"6. If the defendant fails in his defense, and the taxes claimed are found to be due the state, any coupon filed by him with a plea of tender (and not spurious) shall be returned to him, and there shall be judgment for the commonwealth for the aggregate amount of the taxes due, and the interest thereon from the time they became due till the date of the judgment, with interest on the said aggregate amount from the date of the judgment until payment, and costs."
"7. No antecedent lien of the commonwealth for the taxes for which any judgment is rendered shall be deemed to be merged in the judgment or otherwise impaired by the recovery of the same, but such lien shall continue in force notwithstanding the judgment."
"8. Every such judgment shall be docketed as prescribed by law in other cases, and the clerk shall issue execution thereon, directed to the sheriff of any county (or sergeant of any city), who shall account for the money collected thereon to the auditor of public accounts. "
"9. Should coupons be tendered the officer in satisfaction of said execution, he shall note the fact of such tender upon the execution, and return it to the clerk's office, and thereupon the auditor of public accounts may direct an action to be brought upon the judgment. This action shall be instituted and prosecuted in the mode herein prescribed for actions to recover judgments for taxes, and similar actions may be instituted whenever coupons are tendered in satisfaction of any judgment obtained by the commonwealth under the provisions of this act."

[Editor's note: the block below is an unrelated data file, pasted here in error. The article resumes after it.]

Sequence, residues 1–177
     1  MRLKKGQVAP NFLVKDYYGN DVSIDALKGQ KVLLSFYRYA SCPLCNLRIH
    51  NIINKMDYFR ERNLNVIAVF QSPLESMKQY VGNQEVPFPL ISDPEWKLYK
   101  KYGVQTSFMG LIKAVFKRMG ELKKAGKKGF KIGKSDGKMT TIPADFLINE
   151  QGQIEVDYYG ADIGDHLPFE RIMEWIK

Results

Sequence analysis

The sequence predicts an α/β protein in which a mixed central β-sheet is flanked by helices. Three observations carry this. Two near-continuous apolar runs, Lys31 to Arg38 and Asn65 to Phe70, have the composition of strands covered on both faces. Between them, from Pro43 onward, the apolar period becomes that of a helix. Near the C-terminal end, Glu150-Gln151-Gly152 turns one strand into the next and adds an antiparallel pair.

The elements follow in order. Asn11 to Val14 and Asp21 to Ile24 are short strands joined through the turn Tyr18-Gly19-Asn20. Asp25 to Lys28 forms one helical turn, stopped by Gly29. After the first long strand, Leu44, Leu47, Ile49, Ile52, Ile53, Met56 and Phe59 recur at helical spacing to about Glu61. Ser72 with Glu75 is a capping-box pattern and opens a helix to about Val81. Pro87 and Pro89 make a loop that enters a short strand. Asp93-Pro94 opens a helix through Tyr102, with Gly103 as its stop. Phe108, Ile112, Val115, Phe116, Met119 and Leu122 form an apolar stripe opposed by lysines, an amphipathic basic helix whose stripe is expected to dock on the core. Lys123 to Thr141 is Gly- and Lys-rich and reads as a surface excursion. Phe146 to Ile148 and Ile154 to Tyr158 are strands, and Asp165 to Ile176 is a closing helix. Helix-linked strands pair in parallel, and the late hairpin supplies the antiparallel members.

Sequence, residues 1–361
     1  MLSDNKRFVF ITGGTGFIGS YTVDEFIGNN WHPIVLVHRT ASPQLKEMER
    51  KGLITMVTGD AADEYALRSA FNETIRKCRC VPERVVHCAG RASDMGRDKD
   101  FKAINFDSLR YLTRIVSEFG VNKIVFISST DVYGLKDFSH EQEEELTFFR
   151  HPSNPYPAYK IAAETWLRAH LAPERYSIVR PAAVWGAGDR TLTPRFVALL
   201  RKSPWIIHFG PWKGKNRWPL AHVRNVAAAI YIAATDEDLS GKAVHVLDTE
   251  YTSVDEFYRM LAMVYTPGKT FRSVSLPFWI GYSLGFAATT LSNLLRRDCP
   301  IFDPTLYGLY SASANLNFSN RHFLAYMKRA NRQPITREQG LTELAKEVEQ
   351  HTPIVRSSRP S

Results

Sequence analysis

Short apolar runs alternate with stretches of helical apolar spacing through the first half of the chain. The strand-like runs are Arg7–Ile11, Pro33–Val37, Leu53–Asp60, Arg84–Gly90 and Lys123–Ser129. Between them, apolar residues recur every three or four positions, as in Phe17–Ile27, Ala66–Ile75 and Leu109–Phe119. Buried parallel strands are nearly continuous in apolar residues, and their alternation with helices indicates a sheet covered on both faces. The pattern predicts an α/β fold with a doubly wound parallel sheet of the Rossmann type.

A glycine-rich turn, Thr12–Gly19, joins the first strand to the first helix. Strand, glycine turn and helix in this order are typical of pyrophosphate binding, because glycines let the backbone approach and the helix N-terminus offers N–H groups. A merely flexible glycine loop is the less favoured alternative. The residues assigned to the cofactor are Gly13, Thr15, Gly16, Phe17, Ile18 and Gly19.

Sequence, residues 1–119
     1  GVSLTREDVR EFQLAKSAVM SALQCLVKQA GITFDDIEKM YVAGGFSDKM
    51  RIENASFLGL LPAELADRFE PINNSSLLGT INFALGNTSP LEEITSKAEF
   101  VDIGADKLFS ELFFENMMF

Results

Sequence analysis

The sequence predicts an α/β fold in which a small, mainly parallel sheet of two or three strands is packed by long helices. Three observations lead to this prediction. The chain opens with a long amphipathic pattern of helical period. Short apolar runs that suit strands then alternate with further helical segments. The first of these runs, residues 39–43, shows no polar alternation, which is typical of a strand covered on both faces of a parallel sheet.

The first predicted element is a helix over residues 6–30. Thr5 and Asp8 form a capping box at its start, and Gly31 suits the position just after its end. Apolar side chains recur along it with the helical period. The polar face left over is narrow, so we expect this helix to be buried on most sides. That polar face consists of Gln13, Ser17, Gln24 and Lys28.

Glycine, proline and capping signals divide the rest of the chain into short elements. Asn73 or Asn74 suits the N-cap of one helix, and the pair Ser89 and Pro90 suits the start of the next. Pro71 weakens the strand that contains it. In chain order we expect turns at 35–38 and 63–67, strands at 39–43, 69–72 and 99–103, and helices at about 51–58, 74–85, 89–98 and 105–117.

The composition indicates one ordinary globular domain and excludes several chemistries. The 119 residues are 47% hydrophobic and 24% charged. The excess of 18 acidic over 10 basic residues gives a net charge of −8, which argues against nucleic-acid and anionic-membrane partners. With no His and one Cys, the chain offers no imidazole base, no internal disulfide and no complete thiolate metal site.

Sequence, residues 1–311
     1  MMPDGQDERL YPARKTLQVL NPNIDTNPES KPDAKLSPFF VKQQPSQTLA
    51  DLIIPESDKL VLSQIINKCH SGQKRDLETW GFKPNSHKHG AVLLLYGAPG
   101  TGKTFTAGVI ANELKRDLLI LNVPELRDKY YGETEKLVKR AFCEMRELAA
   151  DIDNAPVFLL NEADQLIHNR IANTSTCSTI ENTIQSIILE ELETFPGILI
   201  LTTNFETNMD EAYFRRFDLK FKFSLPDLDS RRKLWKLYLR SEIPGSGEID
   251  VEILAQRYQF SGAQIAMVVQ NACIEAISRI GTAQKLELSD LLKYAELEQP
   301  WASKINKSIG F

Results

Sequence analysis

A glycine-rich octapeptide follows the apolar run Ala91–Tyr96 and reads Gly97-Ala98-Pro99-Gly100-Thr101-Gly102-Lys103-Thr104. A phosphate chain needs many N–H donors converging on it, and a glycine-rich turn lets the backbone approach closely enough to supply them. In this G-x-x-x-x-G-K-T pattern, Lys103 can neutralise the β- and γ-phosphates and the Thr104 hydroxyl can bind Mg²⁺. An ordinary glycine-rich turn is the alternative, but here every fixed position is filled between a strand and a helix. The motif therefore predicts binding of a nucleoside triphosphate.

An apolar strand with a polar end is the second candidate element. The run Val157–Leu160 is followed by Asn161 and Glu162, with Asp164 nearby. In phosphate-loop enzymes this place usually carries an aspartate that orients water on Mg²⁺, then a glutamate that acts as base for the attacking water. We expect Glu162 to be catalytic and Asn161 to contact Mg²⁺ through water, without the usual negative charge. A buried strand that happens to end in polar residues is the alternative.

"10. The clerk of the court in which any such judgment is rendered in behalf of the commonwealth shall, as soon as it is rendered, transmit a certified abstract thereof to the auditor of public accounts, who shall record the same in a book to be kept for that purpose."
"11. Immediately after the passage of this act the county and city treasurers, and all other officers authorized by law to collect or receive money for taxes due the commonwealth, including the license taxes, shall report to the commonwealth's attorneys of their respective counties and cities, and also to the auditor of public accounts, the names of all persons assessed or liable therein for taxes due the commonwealth who have heretofore tendered (otherwise than for identification and verification) coupons for such taxes, and which taxes remain unpaid, the amount of the taxes due, on what account, and when they become payable, and a description, as far as possible, of the coupons tendered, and when tendered, and they shall thereafter make like reports whenever and as soon as any such tender may be made. As soon as the auditor of public accounts shall receive such reports, he shall credit the proper officer with the taxes named therein for which coupons were tendered."